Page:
A land surveyor prepares a report that defines the boundaries of a piece of land. Having a survey completed is the best way to be absolutely sure of what you are buying when you purchase a piece of real estate. It can be particularly important if you are buying a property on which you plan to construct a house since, among other things, the surveyor can identify what parts of the piece of land are legally buildable.
Ask people that you know that have expertise in real estate for recommendations. Some people who can be helpful are your real estate attorney, your real estate agent or title representatives. Your title company may be particularly helpful since title insurance policies sometimes require surveys. If you don't get suitable recommendations, many state boards let you search for surveyors on their website.
Check the status of the licenses of any surveyors that you find. They typically are licensed by state boards so that you can see very quickly if their license is current and if there are any complaints outstanding. Eliminate any unlicensed surveyors.
Interview the surveyor to determine their experience with projects like yours. Ask for references that you can talk to. Ask the surveyor what she thinks the project will require, how long it will take, how much she expects it to cost and if there is anything that could make the price go up. Surveys come in a few different types and just because a surveyor specializes in or offers a good price on one doesn't mean that she is competitive on all of them. Going out and simply placing stakes at the corners of the parcel is typically the least expensive type of survey. On the other hand, a location survey shows where the house and other improvements are located on the parcel. Boundary surveys are highly accurate and find the exact location of the parcel's edges while the American Land Title Association / American Congress on Surveying and Mapping survey format is a special type of boundary survey commonly used in commercial real estate transactions.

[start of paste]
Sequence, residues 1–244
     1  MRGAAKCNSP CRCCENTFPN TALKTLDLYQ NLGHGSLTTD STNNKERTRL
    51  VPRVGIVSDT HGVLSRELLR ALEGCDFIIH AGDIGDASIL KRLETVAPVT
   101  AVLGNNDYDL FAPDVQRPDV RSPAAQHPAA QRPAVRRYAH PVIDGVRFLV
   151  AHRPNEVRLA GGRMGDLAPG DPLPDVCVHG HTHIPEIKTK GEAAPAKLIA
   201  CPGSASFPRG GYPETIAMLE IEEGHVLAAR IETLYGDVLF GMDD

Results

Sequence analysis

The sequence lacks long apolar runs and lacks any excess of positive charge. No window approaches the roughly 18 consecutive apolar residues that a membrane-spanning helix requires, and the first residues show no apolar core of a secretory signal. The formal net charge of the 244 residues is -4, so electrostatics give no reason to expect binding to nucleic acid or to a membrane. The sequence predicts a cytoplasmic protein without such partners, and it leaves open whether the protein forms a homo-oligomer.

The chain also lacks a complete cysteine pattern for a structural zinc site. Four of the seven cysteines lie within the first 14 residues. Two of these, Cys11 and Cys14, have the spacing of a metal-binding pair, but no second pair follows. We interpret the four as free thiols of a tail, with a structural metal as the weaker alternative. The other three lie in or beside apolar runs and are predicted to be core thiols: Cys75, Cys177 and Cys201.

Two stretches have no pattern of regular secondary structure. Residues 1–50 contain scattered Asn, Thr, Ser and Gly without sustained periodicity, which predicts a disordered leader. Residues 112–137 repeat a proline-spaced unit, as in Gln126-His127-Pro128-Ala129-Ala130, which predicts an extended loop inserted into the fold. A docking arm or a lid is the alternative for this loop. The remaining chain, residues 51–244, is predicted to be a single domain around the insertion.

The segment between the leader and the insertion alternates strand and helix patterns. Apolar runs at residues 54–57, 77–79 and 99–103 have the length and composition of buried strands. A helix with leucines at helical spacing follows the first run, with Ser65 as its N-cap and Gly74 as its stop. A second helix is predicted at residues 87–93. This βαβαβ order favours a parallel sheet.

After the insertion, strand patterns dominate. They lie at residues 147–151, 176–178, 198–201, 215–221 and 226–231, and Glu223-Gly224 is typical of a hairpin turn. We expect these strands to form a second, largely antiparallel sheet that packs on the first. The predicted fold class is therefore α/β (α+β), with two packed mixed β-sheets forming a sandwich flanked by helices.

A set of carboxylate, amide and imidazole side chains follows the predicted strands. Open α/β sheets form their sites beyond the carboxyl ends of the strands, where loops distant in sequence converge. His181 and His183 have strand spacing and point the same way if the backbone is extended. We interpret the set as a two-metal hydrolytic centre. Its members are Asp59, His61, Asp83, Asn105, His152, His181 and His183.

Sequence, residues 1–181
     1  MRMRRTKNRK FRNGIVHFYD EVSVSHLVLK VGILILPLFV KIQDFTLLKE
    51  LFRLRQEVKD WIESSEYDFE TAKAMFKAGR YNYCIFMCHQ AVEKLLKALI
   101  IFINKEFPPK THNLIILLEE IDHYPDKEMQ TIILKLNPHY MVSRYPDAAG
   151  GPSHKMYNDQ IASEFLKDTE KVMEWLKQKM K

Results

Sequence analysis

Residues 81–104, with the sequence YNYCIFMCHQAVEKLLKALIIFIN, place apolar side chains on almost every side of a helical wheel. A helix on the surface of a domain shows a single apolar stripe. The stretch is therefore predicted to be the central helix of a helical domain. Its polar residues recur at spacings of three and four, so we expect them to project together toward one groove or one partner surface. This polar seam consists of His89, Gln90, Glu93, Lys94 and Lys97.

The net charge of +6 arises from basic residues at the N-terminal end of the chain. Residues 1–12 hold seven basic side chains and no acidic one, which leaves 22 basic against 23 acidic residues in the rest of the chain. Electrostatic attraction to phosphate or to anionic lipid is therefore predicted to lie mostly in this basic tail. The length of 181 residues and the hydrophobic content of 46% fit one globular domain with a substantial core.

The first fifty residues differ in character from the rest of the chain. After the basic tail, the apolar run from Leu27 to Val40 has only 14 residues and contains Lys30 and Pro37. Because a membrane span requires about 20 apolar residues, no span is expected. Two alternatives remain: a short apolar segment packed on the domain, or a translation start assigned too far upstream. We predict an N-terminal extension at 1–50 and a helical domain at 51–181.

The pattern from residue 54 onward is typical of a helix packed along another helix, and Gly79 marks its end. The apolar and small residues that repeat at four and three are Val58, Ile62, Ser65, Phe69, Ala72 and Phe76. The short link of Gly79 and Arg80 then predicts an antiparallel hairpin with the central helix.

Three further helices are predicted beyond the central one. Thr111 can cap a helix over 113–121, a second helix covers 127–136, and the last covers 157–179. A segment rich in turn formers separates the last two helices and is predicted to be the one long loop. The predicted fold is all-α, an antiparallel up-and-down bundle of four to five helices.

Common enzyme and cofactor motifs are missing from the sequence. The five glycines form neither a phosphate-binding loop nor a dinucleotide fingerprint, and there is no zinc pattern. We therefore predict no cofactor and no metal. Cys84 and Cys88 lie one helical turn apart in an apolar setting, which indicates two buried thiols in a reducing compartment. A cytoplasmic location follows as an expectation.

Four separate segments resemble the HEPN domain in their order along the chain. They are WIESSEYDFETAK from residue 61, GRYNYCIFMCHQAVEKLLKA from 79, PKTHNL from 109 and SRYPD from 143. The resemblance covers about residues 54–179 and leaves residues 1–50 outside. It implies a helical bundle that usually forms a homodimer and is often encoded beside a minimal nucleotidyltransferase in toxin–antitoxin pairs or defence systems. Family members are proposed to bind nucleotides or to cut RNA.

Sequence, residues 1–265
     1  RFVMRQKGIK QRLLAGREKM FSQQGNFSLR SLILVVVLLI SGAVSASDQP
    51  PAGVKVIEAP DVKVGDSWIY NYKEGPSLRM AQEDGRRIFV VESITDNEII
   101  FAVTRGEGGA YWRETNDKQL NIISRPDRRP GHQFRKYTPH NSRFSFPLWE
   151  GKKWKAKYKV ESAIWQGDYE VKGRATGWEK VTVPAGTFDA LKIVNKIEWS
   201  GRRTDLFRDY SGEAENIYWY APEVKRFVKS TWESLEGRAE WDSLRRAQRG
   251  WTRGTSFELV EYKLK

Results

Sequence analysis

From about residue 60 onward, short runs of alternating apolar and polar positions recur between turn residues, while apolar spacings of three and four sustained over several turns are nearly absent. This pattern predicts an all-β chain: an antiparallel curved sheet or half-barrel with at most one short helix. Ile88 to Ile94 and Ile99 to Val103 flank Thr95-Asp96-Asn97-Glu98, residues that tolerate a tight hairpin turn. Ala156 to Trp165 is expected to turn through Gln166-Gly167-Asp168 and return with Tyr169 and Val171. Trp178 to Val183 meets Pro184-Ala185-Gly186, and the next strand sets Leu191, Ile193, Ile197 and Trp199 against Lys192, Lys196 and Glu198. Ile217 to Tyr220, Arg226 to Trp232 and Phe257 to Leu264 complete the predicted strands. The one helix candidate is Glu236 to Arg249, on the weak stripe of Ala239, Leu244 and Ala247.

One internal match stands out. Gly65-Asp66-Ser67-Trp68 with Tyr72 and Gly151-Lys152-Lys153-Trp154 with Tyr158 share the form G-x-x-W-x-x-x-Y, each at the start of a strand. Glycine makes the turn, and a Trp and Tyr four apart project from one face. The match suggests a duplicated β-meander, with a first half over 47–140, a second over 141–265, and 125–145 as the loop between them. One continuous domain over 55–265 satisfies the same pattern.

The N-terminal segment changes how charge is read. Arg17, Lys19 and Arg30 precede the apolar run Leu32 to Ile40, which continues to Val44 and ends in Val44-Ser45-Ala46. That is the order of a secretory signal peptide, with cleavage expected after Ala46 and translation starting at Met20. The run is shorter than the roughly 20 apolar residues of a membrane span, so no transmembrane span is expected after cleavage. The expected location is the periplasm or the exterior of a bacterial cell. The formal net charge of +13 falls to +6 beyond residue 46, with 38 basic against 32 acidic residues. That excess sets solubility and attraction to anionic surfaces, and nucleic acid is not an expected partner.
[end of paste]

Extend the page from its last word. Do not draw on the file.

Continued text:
Request clarification on how the surveyor's billing systems handle the costs of travel and any hourly costs for surveys that take more time due to weather. Springtime and summer may lead to conditions where survey marks are covered by foliage, while wintertime snows can completely cover landmarks. Travel time is particularly important if your property is located some distance from the surveyor's office.
Talk to the surveyor's references to see if her past clients are happy with her.
Select the surveyor that offers the best blend of experience, reputation and service. While price is a concern, the cost of a survey is probably a small part of the overall cost of your real estate project, so getting the survey done right may save money in the long run.
- California Board for Professional Engineers and Land Surveyors: A Guide for Consumers
- Professional Land Surveyors of Oregon: Selecting A Surveyor
- The American Surveyor: Title Industry Changes Affect Surveying
- Federal Title and Escrow Company: Understanding 4 Types of Property Surveys
- Professional Land Surveyors of Oregon: A Guide to Selecting a Land Surveyor